by Tony Noland
Eleven dead flies lay on the floor in front of the judge. Charlie Lund figured they were real, though no one else noticed them. Well, someone else might have noticed them, but had pretended not to. People frequently pretended not to see things, even things that were really, truly there. The more uppity the person, the more likely it was they would pretend not to see.
The flies made a kind of a pattern on the floor, with glowing blue and green lines connecting them. The lines were Not-Real, so they were all for him; he was sure no one else could see them. The lines jiggled in time with the voice of the lawyer They'd given him.
Popping and slipping, the lines moved from fly to fly like an electric connect-the-dots. At first they made different shapes dancing among the tiny corpses. After a bit, they settled down, the green lines making a bent sort of "C" and the blue lines that wove among them making a lopsided "L". He thought that was pretty funny, that the dead flies were spelling out his initials with their glowing lines.
It was like they were cheering him on, his own private fan club, shouting his name out in their buzzing little dead fly voices. He smiled at that, but the judge looked at him when he did. After that, he didn't smile, but used his paying-close-attention face. He looked from his lawyer to the judge and back, and only watched the cheering dead flies sidelong like.
The judge was a woman. That was the capper as far as Charlie was concerned. That was just the absolute cherry on top. It was bad enough he had a lawyer who was probably a fag. There had to be a dozen judges who could have sat as the head of his parole board, maybe a hundred. He knew why They had made sure he got a whore for a judge and a fag for a lawyer. It was because They liked seeing him squirm; he was a danger to Them and They knew it. He could see Them among normal people and he knew how much of society They controlled. They wanted him to crack, stay locked away. Well, he would show Them this time.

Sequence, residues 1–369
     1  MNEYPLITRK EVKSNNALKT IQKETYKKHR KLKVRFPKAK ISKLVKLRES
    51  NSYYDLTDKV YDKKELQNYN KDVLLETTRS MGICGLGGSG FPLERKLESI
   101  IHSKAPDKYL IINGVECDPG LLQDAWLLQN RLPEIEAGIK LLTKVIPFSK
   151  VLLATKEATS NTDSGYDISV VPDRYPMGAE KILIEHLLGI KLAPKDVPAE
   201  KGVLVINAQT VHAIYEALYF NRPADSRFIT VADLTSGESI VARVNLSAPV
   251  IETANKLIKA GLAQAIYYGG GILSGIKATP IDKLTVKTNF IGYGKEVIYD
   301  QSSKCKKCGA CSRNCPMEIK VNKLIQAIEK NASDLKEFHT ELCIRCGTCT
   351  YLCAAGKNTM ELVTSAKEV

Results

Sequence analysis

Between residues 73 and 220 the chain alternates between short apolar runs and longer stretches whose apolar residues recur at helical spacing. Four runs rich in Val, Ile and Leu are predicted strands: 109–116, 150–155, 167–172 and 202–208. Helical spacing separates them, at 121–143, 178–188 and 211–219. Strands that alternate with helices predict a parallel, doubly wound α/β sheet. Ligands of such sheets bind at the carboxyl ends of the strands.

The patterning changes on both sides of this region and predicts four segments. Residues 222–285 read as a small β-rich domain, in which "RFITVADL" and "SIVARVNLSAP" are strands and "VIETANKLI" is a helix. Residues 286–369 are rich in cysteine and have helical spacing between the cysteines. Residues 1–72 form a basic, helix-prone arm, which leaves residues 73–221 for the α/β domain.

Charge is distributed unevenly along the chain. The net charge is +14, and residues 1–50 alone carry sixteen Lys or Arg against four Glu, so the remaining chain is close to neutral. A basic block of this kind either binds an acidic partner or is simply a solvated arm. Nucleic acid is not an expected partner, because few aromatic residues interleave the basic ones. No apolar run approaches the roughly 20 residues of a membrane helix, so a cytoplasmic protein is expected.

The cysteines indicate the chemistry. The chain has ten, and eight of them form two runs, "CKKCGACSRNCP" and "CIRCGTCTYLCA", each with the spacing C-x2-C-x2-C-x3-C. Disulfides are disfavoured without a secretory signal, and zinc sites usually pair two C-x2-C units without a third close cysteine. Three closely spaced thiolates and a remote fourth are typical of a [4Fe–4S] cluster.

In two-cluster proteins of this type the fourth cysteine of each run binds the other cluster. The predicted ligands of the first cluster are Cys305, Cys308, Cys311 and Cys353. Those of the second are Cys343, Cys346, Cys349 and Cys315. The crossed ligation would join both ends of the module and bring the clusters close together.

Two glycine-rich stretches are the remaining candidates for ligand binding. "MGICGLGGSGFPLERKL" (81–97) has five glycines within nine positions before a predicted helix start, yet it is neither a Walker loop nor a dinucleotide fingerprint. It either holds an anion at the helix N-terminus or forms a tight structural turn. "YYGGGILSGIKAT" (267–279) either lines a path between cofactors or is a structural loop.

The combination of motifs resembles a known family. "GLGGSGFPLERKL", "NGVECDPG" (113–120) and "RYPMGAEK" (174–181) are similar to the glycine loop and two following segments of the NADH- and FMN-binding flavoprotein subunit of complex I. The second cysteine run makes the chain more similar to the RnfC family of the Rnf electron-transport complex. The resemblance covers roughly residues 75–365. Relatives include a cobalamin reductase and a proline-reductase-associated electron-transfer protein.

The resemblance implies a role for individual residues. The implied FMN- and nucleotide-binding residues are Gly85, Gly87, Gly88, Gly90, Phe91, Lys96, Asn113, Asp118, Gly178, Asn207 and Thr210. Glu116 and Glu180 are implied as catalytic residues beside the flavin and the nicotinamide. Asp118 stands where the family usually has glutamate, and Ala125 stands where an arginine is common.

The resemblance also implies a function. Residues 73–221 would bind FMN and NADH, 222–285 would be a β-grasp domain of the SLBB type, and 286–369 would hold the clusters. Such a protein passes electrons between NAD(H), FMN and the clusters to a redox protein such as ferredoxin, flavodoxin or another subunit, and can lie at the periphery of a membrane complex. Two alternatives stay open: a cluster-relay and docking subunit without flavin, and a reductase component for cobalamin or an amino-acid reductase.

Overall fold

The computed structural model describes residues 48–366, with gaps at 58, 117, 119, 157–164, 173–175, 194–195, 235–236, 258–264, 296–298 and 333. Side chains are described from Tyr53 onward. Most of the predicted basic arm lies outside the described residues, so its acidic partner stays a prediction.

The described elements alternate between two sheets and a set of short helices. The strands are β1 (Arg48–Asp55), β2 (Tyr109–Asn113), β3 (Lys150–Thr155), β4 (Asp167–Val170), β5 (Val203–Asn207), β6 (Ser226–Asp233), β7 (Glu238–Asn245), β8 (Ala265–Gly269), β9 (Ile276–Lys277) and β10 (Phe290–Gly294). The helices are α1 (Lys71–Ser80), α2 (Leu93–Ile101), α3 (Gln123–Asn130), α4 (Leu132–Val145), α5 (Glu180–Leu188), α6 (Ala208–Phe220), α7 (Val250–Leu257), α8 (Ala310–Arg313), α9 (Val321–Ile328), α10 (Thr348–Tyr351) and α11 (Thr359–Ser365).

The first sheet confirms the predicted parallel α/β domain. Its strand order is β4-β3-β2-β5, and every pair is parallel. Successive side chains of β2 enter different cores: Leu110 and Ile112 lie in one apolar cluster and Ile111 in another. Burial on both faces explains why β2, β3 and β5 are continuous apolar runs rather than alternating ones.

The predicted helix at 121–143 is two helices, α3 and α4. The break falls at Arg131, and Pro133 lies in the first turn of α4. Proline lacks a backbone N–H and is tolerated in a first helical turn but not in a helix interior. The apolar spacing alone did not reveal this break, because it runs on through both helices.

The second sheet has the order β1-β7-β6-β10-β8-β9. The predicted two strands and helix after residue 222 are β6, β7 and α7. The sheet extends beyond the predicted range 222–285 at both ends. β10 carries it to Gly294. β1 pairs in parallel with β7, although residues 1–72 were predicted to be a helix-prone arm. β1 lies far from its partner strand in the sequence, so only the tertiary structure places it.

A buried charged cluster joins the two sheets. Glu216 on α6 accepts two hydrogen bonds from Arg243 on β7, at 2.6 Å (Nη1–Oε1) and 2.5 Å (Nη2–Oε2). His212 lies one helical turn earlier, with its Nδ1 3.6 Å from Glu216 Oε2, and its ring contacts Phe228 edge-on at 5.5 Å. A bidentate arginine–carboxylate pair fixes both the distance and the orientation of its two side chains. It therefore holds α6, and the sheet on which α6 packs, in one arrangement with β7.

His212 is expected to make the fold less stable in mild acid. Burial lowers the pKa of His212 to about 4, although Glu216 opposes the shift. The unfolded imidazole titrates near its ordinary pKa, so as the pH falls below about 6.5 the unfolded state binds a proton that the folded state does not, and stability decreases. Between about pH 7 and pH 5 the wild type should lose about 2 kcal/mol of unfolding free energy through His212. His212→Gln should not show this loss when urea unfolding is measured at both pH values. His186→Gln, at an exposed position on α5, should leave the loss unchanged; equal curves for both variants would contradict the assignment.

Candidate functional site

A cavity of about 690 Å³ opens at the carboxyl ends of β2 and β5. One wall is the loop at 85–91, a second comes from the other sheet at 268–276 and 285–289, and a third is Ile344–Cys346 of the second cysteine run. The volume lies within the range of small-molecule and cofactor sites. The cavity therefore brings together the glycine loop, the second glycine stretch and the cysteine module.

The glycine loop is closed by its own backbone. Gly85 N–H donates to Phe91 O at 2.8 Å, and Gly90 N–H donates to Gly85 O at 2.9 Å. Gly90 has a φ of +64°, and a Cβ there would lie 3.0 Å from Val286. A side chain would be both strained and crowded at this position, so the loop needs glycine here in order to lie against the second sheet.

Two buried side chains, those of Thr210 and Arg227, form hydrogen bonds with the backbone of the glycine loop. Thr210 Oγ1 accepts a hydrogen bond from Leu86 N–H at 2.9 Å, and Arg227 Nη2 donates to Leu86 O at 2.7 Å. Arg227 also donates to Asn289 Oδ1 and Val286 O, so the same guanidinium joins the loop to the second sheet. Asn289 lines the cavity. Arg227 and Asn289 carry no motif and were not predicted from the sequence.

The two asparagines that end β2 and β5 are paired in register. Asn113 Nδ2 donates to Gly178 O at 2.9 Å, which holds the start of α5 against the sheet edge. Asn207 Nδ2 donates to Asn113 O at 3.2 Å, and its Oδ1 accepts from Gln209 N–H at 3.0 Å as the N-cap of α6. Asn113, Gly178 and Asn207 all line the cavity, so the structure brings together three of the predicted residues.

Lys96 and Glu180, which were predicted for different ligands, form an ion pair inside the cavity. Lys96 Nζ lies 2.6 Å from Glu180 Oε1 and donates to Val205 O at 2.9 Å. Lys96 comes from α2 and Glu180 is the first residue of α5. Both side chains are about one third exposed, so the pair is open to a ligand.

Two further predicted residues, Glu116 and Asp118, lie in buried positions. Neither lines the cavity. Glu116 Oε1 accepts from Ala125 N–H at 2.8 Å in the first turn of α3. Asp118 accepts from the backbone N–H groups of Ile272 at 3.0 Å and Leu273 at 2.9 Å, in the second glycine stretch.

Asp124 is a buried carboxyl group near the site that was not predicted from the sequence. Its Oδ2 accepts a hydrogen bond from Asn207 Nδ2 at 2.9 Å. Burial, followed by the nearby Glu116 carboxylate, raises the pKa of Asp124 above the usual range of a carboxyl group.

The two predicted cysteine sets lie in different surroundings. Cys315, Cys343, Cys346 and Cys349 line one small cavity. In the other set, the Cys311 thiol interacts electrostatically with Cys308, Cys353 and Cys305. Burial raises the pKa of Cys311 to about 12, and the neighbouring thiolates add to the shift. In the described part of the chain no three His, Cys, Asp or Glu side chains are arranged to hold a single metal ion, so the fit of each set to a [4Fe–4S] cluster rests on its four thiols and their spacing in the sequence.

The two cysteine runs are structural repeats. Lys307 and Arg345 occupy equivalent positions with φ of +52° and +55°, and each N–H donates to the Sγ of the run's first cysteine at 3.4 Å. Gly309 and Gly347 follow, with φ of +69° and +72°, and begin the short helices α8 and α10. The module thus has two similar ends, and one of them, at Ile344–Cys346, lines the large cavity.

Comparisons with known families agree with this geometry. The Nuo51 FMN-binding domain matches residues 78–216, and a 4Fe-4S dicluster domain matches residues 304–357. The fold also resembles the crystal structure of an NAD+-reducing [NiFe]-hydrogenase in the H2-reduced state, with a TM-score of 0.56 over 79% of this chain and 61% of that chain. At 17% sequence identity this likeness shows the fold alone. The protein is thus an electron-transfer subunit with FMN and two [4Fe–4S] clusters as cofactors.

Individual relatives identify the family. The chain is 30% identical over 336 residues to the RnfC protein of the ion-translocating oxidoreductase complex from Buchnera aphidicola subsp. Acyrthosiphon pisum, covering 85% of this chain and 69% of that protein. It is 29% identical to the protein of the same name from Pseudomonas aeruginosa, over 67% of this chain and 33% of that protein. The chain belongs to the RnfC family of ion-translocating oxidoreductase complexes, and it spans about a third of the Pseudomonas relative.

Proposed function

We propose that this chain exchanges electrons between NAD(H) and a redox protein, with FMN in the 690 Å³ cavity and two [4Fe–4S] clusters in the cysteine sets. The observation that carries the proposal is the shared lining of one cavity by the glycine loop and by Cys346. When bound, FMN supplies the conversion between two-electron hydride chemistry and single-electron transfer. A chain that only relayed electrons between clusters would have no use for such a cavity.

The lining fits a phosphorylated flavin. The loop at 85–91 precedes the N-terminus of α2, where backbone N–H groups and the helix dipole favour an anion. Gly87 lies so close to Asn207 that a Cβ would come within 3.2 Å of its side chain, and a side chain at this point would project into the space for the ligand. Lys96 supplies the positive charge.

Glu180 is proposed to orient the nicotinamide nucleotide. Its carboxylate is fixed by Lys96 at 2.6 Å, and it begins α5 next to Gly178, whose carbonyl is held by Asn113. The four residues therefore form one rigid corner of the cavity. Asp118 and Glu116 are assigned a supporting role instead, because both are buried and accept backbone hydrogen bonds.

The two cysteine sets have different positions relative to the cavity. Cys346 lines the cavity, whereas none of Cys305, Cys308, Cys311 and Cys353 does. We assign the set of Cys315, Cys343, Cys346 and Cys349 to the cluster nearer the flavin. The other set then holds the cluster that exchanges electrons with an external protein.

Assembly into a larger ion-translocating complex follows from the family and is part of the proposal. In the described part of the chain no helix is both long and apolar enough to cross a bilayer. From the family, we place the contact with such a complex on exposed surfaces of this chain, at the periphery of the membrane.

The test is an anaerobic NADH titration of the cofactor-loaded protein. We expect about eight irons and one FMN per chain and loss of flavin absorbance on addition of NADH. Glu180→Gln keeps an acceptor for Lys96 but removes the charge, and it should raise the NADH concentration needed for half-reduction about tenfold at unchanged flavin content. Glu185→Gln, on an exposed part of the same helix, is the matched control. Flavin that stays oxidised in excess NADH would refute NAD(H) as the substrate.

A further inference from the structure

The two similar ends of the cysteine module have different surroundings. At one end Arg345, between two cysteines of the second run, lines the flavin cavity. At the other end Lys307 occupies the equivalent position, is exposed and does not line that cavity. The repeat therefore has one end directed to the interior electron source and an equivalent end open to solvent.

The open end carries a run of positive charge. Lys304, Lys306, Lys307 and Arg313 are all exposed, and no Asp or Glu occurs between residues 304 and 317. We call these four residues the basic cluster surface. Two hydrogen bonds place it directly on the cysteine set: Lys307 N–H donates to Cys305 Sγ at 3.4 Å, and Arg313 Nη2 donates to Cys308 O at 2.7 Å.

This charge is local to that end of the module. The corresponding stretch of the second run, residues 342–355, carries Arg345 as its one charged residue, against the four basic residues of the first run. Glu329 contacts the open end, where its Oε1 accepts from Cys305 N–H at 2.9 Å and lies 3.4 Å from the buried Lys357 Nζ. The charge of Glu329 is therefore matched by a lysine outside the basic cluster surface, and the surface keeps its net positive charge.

He would be cool cool cool, and he would get out. And then things would be different. Oh, yes. Very different.
Silence stretched out; the judge was waiting for him to speak. Charlie pursed his lips and got to his feet. As he did, the dead flies lifted up from the floor, swooping and calling his name. He was thrilled that they were Not-Real, too. Charlie faced the judge and folded his hands, holding his smile inside as the dead flies crawled all over the judge's snotty bitch face. The glowing strands flowing from them braided themselves into a spiky noose around her neck. The flies were chanting his name, saying Charlie-Charlie-pull-the-noose-tight, Charlie-Charlie-pull-the-noose-tight...
But he couldn't do that. Not here. Not yet. Not until later, after he found out where the judge lived.
With his serious-but-really-sorry look firmly fixed, Charlie drew a deep breath and began to ask for his freedom.
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